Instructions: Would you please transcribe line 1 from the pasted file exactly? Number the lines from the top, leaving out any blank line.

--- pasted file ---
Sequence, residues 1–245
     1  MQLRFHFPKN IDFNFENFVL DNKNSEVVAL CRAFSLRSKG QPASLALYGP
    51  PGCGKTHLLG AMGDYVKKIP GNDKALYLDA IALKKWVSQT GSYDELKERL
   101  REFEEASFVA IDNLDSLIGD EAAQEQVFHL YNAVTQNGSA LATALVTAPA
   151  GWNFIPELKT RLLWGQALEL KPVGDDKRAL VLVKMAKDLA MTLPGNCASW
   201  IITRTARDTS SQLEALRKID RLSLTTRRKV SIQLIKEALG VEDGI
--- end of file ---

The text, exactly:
Sequence, residues 1–245